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Neumann, John von - The design for a computer



Type of spiritual experience


I have put in two balancing observations and a diagram. 

Keen to support science and the measurement of things in the physical Neumann constantly stressed the idea of empirical knowledge. 

But then he ocasionally lets slip in a very quiet way - because letting slip this sort of remark was like saying to the inquisition you quite liked the Upanishads - that he thought that most ideas come from the spiritual - and indeed even more precise 'God'.

He was such a logical man, with a vast memory, that in general empirical ideas were all he was ever going to get, but if we look at the design for the computer, it has three basic parts - Will, Memory and Reasoning - and this was inspired; so sometimes maybe things did get through when it counted.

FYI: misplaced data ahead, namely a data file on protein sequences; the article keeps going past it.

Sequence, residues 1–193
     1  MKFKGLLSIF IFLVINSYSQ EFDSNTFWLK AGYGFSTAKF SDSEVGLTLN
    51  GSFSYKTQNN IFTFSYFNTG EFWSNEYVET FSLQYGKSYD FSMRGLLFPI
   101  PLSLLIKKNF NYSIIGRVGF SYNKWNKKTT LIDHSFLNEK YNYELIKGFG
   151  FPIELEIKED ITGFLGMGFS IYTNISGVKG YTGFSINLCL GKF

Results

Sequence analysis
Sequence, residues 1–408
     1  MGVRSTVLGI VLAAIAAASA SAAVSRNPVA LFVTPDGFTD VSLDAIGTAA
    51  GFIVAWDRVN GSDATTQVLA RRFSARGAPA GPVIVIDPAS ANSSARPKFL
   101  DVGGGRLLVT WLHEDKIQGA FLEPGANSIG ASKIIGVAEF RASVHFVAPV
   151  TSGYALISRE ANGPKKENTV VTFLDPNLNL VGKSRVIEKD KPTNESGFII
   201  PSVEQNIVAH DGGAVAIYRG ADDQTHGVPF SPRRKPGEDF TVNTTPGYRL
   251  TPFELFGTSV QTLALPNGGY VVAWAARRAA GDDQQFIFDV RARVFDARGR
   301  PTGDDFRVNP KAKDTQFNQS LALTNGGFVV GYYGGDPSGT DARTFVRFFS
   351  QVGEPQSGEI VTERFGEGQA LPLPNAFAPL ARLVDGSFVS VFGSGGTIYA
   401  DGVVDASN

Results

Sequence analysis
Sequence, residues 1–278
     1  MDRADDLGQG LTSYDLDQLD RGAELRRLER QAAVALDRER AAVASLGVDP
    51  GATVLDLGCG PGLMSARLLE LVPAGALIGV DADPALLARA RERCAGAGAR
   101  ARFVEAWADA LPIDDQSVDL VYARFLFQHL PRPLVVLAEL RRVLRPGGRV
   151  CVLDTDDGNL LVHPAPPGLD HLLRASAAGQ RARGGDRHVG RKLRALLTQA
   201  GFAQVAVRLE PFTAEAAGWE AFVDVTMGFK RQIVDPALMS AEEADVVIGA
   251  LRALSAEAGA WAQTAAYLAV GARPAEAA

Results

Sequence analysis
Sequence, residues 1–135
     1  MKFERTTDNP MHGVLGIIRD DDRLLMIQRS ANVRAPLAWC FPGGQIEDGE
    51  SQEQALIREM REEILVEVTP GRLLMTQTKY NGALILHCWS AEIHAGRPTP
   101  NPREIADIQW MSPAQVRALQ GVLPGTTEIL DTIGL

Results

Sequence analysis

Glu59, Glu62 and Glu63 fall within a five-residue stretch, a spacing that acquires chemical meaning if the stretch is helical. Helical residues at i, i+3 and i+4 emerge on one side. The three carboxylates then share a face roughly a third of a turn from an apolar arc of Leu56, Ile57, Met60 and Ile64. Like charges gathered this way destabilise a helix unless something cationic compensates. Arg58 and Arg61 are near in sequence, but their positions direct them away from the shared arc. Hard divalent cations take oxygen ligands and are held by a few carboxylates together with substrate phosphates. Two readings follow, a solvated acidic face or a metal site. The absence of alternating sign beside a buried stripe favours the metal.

Input/output = perceptions

Arithmetic logic unit - Perception plus reasoning

Memory = memory

Control unit = Will

A partial model of the mind

A description of the experience

"The Mathematician", in The Works of the Mind (1947) edited by R. B. Heywood, University of Chicago Press, Chicago

I think that it is a relatively good approximation to truth — which is much too complicated to allow anything but approximationsthat most mathematical ideas originate in empirics. But, once they are conceived, the subject begins to live a peculiar life of its own and is … governed by almost entirely aesthetical motivations.


There probably is a God. Many things are easier to explain if there is than if there isn't. As quoted in John Von Neumann : The Scientific Genius Who Pioneered the Modern Computer, Game Theory, Nuclear Deterrence and Much More (1992) by Norman Macrae




The source of the experience

Neumann, John von

Concepts and Symbols used in the text or image